Additionally, there are nearly 23,500 suspected cases of cholera have been registered in war-ravaged Yemen in the past three weeks.
"The speed of the resurgence of this cholera epidemic is unprecedented," Nevio Zagaria, WHO country representative for Yemen, told reporters in a conference call on Friday in Geneva. "We need to expect something that could go up to 200,000-250,000 cases over the next six months, in addition to the 50,000 cases that have already occurred," Zagaria added. The cost in lives from this will be will be "extremely, extremely high", he said.
The outbreak has caused 23,425 cases in 18 of Yemen's 23 governorates since April 27, and 242 people have died, he said.
On Sunday, a state of emergency was declared in Yemen's opposition-held capital, Sanaa, after the outbreak killed scores of people over a two-week period.
The health ministry announced the measure, saying that "the number of casualties surpassed the normal rates, exceeding the capacity of the health system, which has become unable to contain this unprecedented health and environmental disaster".
Cholera outbreaks are symptomatic of the dire conditions in Yemen, which is suffering from a Saudi-led aggression now in its third year. The Saudi regime has also imposed a transport blockade on the war-torn country.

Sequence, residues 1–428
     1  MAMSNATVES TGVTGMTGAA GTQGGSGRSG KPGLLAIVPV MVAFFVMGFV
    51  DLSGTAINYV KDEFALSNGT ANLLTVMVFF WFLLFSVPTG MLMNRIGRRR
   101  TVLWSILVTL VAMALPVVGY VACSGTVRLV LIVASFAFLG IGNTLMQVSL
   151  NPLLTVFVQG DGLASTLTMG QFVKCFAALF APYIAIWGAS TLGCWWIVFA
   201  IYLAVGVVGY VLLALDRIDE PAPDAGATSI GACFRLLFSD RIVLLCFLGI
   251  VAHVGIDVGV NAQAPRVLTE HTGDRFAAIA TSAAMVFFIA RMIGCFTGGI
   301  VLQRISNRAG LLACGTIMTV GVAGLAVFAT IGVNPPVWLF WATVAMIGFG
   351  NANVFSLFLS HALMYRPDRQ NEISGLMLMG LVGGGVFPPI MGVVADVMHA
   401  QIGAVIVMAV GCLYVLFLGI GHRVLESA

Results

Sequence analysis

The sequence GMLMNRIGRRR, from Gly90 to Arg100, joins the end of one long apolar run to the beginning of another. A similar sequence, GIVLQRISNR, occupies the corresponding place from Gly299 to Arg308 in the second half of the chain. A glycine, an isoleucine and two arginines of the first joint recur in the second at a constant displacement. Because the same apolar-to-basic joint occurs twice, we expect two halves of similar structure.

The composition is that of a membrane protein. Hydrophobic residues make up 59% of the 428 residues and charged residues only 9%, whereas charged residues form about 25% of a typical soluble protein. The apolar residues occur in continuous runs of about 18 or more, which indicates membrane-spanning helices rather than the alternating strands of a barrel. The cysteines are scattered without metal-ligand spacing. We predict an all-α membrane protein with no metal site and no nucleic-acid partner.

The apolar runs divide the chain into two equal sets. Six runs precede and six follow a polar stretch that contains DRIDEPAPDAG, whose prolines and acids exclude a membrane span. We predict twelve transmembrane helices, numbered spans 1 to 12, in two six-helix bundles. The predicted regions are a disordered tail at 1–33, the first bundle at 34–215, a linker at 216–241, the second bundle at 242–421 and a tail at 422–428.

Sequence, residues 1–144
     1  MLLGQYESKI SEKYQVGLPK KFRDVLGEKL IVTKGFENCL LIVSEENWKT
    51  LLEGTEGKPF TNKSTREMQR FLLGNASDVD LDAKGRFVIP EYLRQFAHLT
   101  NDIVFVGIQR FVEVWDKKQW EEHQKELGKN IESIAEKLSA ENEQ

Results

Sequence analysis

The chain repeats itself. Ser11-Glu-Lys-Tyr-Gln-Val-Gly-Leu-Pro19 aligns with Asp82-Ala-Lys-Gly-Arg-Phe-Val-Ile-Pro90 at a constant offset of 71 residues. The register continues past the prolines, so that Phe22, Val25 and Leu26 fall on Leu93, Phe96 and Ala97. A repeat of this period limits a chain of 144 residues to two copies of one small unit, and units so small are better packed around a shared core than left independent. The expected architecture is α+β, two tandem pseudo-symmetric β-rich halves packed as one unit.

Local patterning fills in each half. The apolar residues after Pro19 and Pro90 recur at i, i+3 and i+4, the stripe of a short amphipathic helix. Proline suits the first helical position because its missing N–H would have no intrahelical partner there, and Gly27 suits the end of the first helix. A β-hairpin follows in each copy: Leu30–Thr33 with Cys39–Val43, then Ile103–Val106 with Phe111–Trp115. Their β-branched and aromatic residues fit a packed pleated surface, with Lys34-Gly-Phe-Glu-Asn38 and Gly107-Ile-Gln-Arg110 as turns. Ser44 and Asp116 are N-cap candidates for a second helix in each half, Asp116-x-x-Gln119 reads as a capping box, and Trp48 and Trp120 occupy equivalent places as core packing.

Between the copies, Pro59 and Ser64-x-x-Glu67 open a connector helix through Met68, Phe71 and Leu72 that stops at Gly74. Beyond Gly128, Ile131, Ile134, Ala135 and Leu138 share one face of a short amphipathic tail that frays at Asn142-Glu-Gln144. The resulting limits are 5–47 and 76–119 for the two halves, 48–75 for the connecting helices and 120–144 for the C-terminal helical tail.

The blockade is hampering the delivery of crucial humanitarian supplies, including food and medicine, while Saudi airstrikes have contributed to deterioration of civilian infrastructure, such as water treatment plants. The UN says 17 million people in Yemen are at imminent risk of famine. Over 12,000 Yemenis, mostly civilians including women and children, have been killed during the ongoing Saudi-led aggression on Yemen.
Last April, children rights groups, Save the Children and Watchlist on Children and Armed Conflict said that the Saudi Arabia-led coalition in Yemen, backed by the UK and the US must be put on a UN violations list for repeated attacks on medical facilities and violating the rights of children.
In a report the two bodies noted that, the conflict has forced more than half of Yemen’s medical facilities out of action, leading to the “near collapse of the country’s already fragile healthcare system.” The report says those that remain face severe shortages of medicine and equipment in the face of a maritime block imposed by the Saudi-led aggressors.